This is precisely what the problem is with the Pakistani thinking – total abdication of responsibility towards stopping or eliminating ‘militant groups in Pakistan’ which attack India. This is basic civilised behavior requirement which the world understands but Pakistan doesnot. Providing specious reasons to defend these ‘militant groups in Pakistan’ just doesnot fly, Sir!! On this very logic anyone can set up ‘militant groups’ in one’s country to support – (a) Palestinians, (b) Bahraini Shias (c) Pakistani Ahmadis (d) American Blacks (e) Egyptian Coptic Christians (f) Russian Chechens (g) Tibetans (h) Tamils in Sri Lanka (i) Karens in Burma (j) Pakistani Hazaras, (k) Iranian Sunnis (l) Canadian French (m) Irish Catholics, .. etc.. etc.. etc… etc…

    Sir, your logic is recipe for Global Mayhem!!!

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  • Rafi Ka Deewana
    Apr 17, 2012 - 2:22AM

    In gambling, if you are very rich or strong, you keep on raising the bets until the other side quits. This is what India is doing to Pakistan now. Siachen or Kashmir problems are good for India as these are causing a downfall of Pakistan. It is now Pakistan’s turn to realize what it is doing to itself. I bet Indians are laughing at this childish behavior of Pakistan who, for the sake of a toy, is losing the whole house.

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  • Chotta Panda
    Apr 17, 2012 - 3:24AM

    Pakistan gifted away Aksai Chin to China and allowed expeditions in Siachen something that is equivalent to an occupation of India. Pakistan had a misadventure in Kargil and now India does not believe Pakistani army and there is no sign of politicians taking decisions in Pakistan.

    The retired Lt.Gen is twisting facts to his convenience and MFN is a right of India under WTO as it was given to Pakistan long ago and not a favour.

    Relations will never improve till armed forces in Pakistan run the country and nothing is going to happen till the guilty of Mumbai attack are punished or Dawood Ibrahim and Tiger Memon are not handed over India.

    Right now, the Indian economy is 9 times bigger than Pakistan’s economy and, the direction we are going is also opposite. So, the difference is only going to get bigger as time goes by. So, India can afford to wear down Pakistan to India’s terms and conditions on all counts – Siachen, Sir Creek etc. etc. in a matter of another five more years. And, if in the mean time, Pakistan or its proxy LeT or JeM or IM or SIMI does something stupid in India the clock again goes back and, also Pakistan can face the music of the whole civilized world.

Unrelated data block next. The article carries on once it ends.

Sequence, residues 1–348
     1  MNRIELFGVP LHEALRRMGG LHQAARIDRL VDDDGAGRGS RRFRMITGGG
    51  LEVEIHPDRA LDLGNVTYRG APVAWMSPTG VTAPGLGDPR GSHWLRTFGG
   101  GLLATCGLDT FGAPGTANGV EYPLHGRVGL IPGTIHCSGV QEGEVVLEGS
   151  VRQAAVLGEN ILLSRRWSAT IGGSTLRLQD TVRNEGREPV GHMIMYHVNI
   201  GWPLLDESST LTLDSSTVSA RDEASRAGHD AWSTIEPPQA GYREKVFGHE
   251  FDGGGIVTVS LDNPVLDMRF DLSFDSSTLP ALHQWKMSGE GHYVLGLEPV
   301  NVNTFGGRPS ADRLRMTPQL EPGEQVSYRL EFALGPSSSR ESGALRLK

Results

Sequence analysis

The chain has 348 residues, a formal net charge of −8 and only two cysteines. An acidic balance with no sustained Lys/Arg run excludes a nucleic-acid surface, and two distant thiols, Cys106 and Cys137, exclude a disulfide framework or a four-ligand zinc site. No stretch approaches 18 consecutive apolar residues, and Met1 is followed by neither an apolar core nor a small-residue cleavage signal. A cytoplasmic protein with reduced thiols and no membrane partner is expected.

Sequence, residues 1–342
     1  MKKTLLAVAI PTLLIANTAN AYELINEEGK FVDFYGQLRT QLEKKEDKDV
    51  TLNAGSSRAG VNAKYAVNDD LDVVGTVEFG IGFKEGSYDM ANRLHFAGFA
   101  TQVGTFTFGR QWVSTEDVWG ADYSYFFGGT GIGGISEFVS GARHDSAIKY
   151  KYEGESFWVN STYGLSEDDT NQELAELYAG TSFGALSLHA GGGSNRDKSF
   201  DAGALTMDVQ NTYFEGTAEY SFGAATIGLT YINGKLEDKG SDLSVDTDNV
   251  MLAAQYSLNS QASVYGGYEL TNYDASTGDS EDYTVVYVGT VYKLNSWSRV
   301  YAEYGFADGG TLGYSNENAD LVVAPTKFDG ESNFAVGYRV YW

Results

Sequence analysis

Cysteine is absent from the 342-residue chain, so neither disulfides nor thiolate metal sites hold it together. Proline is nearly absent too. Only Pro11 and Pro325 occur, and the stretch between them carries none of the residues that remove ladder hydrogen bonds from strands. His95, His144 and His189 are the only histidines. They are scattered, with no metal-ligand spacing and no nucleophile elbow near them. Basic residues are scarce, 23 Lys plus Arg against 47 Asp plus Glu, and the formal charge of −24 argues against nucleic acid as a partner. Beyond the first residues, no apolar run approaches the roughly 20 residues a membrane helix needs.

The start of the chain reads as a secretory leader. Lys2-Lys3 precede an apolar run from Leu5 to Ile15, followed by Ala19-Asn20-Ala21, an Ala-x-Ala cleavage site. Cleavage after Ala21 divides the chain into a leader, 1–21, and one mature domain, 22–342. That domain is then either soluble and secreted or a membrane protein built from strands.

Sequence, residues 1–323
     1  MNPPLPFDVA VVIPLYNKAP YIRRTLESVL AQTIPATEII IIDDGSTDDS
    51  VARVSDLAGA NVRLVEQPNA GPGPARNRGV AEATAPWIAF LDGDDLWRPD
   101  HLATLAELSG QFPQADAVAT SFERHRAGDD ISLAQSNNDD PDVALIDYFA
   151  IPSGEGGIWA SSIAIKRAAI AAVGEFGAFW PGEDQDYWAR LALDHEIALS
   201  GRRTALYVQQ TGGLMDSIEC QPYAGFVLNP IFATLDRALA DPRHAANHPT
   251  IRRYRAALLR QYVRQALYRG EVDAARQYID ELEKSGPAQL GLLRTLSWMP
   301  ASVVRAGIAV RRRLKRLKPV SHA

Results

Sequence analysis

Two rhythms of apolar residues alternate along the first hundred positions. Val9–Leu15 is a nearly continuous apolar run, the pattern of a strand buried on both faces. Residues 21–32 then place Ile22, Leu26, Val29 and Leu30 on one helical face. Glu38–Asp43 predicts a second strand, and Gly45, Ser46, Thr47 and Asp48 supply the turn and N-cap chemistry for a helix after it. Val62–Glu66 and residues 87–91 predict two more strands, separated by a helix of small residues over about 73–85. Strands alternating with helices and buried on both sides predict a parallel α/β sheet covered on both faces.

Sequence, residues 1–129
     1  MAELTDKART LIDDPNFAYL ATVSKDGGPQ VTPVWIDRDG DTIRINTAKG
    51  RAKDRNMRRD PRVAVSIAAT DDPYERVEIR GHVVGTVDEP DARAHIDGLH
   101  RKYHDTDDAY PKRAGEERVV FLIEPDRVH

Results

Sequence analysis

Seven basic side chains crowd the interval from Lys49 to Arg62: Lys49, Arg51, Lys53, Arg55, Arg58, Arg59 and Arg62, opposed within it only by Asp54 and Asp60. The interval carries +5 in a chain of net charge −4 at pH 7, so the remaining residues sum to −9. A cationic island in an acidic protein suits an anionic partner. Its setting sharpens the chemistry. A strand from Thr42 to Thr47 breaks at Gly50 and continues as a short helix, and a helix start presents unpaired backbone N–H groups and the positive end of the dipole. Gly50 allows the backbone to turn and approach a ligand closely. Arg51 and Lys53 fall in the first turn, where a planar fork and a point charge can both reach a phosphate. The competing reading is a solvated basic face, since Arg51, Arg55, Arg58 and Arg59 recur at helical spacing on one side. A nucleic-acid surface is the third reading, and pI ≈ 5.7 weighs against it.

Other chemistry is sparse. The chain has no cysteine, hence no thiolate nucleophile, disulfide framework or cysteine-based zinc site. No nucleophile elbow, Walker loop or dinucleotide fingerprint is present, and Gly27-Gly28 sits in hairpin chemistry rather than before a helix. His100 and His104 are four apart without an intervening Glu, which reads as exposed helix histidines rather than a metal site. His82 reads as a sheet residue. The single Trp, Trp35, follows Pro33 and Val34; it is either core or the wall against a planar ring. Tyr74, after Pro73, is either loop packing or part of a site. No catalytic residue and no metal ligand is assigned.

If you don’t like the above scenario then sorry, tough luck.

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  • kaalchakra
    Apr 17, 2012 - 4:00AM

    This article is good but totally redundant.

    Pakistan has ALWAYS been willing and ready to change, and has changed, after every crisis (to remind everyone, always started by India). It has ALWAYS been totally serious about the new start. Whether it was with Nawaz Sharif, Benazir Bhutto, Musharraf, Zardari or any other. Pakistan has never shied for totally forgettng the past, and making a fresh start. Everyrtime Pakistan has clearly explained that to everyone. But do Indians listen, or care? No, They always turn out to be precisely what they were earlier. Just a few more years gone down the drain.

    Will this time matters be any different with Indians. Absolutely not. Dog’s tail (kutte ki dum) tedhi ki tedhi hi rahegi no matter how many times of same old song of “change is pukka this time” is sung.

    It’s time to recognize kutte ki tedhi dum and go from there.

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  • Arijit Sharma
    Apr 17, 2012 - 4:00AM

    The Pakistan Army’s heavy commitment in fighting insurgency within the country and the general poor state of economy has made the military leadership inclined towards supporting improved relations with India. … ”